If you could get 12 cultivated meat burgers for the same price as 12 beef burgers in the supermarket, would you make the switch?
At Tesco you can get 12 beef burgers for £6.70 - 56p a unit. The first cultivated meat burger cost £275,000. Today, to produce a single cultivated meat burger will set you back £7.50. While the decrease in cost of cultivated meat is amazing news, the discrepancy in cost between "ethical meat" and grass fed beef is still incredibly stark and reinforces that in the current climate: if you want to live ethically you need to pay a premium.
In the same way that offsetting your carbon footprint with carbon credits or ditching your commute to work from home requires a certain level of privilege at the minute so does buying food that's ethically sourced, sustainable and good for you.
But why is that the case?
For one meat can be produced really cheaply but more importantly it's because the materials required to grow a single cell into the right kind of meat cells is expensive. Really expensive.
Inside your body and the bodies of all animals signalling chemicals called growth factors are made, released and moved around the body to make sure that organs, tissues and cells form in the right places and are able to do their jobs. To turn a single cell into muscle tissue you need to replicate the process these cells would undergo in the body so you need these growth factors which on their own make up 55-95% of the cost of growing meat. These growth factors cost millions of pounds per gram but it doesn't necessarily have to be like that.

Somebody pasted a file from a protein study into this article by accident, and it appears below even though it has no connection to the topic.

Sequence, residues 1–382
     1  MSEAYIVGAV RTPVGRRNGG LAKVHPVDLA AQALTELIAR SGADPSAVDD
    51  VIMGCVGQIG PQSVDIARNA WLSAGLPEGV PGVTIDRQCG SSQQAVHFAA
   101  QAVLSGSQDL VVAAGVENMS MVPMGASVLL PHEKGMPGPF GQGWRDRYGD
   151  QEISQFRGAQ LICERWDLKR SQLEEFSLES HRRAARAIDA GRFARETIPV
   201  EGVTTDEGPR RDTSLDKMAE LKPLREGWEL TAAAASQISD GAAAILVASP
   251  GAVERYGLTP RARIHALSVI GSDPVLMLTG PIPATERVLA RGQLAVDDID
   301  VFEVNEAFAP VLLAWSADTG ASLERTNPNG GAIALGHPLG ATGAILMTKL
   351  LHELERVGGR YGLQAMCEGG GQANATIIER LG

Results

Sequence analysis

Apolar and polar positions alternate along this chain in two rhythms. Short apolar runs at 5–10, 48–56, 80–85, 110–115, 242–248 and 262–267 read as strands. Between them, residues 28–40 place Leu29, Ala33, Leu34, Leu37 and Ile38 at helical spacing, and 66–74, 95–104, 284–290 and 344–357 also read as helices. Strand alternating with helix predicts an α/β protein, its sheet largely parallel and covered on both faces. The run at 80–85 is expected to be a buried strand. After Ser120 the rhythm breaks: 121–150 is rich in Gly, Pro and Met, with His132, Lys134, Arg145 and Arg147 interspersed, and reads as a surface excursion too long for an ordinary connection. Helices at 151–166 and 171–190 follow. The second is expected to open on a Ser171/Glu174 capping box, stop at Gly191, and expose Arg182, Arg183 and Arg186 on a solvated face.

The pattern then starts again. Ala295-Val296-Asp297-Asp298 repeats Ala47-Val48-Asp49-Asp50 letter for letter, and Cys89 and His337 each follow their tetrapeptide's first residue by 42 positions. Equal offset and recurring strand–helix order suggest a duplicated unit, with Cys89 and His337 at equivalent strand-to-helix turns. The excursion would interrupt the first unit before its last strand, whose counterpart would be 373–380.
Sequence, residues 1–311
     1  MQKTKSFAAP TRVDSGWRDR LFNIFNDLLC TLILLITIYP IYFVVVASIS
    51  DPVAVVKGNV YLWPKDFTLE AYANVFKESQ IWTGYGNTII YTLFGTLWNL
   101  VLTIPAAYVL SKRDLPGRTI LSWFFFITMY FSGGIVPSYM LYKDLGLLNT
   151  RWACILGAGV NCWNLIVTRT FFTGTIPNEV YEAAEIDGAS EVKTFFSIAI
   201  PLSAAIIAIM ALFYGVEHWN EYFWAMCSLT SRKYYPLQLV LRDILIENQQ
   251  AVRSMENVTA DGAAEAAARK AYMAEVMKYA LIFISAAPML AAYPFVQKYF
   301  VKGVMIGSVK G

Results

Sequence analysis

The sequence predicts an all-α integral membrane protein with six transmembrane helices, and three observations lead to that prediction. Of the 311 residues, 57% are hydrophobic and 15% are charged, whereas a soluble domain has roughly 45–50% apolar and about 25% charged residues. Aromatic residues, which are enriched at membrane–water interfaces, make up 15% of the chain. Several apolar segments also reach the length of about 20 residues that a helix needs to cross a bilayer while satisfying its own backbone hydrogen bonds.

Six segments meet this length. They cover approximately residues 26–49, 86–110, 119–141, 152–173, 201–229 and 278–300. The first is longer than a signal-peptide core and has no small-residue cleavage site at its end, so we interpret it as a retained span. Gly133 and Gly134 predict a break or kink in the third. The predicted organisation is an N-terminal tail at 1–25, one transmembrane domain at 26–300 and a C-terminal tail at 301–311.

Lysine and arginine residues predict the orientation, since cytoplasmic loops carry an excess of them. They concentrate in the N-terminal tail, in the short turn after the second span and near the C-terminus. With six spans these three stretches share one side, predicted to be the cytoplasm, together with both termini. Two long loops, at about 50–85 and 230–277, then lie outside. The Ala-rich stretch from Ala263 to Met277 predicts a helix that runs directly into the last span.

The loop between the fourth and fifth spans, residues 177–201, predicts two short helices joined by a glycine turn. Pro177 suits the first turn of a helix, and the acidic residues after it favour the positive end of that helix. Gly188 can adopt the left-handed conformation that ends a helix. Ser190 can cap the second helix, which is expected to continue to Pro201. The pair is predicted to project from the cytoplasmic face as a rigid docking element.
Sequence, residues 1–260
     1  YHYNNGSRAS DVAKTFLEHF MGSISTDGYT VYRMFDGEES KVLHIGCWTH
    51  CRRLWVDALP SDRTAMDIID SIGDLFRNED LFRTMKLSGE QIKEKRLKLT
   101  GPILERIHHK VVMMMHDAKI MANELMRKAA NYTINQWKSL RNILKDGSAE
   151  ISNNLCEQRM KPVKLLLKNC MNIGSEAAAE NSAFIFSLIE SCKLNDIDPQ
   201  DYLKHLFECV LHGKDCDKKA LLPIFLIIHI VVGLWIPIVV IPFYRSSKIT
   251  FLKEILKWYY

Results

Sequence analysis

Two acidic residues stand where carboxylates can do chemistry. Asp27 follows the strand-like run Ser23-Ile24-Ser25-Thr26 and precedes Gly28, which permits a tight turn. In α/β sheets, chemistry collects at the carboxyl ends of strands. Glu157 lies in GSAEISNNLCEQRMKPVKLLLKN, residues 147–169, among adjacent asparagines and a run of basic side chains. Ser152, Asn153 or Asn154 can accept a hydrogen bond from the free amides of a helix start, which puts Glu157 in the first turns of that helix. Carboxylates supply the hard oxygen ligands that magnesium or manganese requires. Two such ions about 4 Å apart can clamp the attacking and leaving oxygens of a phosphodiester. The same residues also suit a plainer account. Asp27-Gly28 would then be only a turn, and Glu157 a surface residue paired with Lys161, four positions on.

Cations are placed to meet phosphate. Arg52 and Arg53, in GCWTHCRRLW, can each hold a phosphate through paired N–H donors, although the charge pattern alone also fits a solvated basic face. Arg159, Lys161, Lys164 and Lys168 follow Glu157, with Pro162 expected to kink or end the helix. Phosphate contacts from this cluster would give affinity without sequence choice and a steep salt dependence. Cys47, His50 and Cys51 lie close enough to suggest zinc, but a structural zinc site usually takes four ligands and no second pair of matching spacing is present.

Growth factors aren't the only proteins we manufacture to do our work for us. Enzymes in bio-active washing powder, like growth factors, are proteins and they're made in bulk at a cost of less than ten pennies per gram. The reason this is achievable is because of the size of the industry - generating proteins using cellular agriculture is far cheaper once you have covered set up costs.
So as cultivated meat becomes more widely accepted and growth factors can be produced at scale the process of manufacturing them won't need to be as expensive as it currently is and in turn cultivated meat should become more readily available.
Hopefully the work being done to bring down the cost of manufacturing cultivated meat will be passed on to the consumer and one day cultivated meat will be as accessible to the public as the meat which currently lines our supermarket aisles.
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Consumers, producers, and governments increasingly recognise the need to move away from animal products and the benefits of investing in alternative proteins.Read more →